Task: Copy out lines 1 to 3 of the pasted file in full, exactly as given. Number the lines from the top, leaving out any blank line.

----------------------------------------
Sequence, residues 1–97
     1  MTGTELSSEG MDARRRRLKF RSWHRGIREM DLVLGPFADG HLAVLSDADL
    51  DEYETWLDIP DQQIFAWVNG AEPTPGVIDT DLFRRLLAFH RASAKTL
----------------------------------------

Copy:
Sequence, residues 1–97
     1  MTGTELSSEG MDARRRRLKF RSWHRGIREM DLVLGPFADG HLAVLSDADL
    51  DEYETWLDIP DQQIFAWVNG AEPTPGVIDT DLFRRLLAFH RASAKTL